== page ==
3 He is despised and rejected of men; a man of sorrows, and acquainted with grief; and we hid as it were our faces from him; he was despised, and we esteemed him not.
4 Surely he has borne our griefs, and carried our sorrows; yet we did esteem him stricken, smitten of God, and afflicted.
5 But he was wounded for our transgressions, he was bruised for our iniquities; the chastisement of our peace was upon him; and with his stripes we are healed.
6 All we, like sheep, have gone astray; we have turned every one to his own way; and the Lord hath laid on him the iniquities of us all.
The poetry in this passage comes from the way it gradually reveals the irony of the Atonement:
v. 3: The Savior didn’t appear to be a powerful man, and so most people misjudged and underestimated him. We tend to respect those who appear to be successful.
v. 4: His poverty and simplicity of life exposed him to the kind of difficulties most people suffer, which revealed our human tendency to assume that people who struggle must have done something to deserve their suffering.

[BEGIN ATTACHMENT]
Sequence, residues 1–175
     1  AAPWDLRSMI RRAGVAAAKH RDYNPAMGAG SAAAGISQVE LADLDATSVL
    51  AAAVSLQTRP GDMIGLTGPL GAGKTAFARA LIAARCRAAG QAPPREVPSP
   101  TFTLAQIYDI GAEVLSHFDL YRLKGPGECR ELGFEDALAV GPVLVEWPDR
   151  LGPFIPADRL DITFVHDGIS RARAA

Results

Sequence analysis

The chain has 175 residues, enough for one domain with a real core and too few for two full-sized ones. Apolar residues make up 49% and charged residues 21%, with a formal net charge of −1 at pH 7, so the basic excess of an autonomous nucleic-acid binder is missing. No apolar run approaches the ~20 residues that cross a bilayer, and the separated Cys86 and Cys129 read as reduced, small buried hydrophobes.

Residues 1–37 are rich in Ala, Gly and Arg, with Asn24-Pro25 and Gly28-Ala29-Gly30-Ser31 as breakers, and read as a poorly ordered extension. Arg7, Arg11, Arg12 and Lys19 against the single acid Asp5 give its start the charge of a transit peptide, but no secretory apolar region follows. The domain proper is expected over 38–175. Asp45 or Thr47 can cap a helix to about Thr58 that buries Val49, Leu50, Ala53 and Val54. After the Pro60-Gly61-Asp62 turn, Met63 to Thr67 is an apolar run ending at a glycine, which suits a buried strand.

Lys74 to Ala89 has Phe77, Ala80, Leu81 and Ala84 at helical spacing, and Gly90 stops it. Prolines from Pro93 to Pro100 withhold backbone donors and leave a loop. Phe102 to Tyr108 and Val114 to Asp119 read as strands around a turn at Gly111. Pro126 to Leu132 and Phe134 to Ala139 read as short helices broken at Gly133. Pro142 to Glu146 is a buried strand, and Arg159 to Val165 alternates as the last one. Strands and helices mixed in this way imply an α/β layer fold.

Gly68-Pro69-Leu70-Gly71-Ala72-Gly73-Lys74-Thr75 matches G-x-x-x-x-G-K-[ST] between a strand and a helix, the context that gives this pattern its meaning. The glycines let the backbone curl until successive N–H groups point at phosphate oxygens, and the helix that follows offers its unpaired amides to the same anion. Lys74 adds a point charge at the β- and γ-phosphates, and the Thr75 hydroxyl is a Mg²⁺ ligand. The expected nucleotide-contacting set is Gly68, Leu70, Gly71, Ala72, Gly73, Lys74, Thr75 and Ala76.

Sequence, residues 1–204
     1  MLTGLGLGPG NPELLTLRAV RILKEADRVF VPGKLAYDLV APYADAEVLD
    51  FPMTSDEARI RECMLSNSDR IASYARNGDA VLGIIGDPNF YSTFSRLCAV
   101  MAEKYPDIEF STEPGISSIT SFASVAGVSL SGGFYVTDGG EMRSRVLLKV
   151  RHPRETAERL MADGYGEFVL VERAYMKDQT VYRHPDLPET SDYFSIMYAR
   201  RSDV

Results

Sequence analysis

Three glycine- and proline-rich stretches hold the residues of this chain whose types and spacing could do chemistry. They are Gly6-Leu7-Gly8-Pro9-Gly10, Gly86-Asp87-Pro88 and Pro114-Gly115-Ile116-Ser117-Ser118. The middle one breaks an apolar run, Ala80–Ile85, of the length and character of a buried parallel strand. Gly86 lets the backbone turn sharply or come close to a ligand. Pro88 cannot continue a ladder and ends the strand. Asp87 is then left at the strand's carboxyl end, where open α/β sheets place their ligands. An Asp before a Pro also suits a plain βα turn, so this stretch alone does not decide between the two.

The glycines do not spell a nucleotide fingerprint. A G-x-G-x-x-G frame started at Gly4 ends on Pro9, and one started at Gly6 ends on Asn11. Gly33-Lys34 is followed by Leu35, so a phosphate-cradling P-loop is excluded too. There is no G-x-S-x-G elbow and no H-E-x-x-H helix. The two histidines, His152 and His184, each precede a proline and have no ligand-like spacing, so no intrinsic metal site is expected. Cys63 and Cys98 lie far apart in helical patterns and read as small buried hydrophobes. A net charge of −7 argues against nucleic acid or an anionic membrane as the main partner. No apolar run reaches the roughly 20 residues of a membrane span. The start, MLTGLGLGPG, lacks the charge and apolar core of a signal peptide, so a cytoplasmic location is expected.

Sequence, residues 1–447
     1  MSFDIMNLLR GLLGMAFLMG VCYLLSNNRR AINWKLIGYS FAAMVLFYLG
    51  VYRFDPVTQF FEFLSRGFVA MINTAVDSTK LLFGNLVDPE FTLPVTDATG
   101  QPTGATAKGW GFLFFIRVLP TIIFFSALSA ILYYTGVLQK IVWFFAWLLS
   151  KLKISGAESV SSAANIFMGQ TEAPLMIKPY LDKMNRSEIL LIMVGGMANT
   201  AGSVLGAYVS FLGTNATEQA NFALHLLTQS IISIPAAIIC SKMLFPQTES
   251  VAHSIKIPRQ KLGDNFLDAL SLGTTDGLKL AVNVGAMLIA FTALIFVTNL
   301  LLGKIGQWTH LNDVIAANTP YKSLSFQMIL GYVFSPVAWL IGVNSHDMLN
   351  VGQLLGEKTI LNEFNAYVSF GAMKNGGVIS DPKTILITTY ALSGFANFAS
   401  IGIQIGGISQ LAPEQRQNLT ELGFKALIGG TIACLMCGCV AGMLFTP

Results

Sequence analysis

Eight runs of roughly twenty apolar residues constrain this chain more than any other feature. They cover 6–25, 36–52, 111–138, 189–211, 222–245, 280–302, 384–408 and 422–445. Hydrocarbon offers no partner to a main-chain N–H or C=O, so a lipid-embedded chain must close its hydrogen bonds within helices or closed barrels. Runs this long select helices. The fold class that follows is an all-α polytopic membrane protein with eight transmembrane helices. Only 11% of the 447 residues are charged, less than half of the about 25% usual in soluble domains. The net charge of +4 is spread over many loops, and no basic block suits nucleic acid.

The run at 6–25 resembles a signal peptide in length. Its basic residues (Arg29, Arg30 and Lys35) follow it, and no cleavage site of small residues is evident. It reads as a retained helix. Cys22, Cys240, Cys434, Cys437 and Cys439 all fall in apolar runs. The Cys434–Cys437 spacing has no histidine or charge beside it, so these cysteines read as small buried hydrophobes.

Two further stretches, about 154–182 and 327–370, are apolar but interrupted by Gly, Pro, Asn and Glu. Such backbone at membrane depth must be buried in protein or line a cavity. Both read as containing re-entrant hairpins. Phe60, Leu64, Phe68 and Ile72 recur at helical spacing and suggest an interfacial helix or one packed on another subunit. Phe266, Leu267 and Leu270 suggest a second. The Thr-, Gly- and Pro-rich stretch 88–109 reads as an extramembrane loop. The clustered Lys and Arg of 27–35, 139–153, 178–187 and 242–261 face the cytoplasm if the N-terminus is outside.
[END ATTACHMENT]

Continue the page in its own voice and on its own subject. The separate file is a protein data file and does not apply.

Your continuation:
v. 5: Here’s where it gets personal. We are no longer the objective observers and inaccurate judges of the situation. We are now plunged into the drama. His life and His suffering was a response, not to anything He had done, but to our misdeeds.
v. 6: Now that we understand the cause of his suffering, we turn the story around and begin with the true cause: we have strayed from what we know we should do, and the Lord willingly took upon Himself our sins.
What a contrast from our orientation at the beginning of the passage. We begin as objective and even calloused observers of an unfortunate and apparently inconsequential man. We end as the unworthy recipients of his heavenly gift.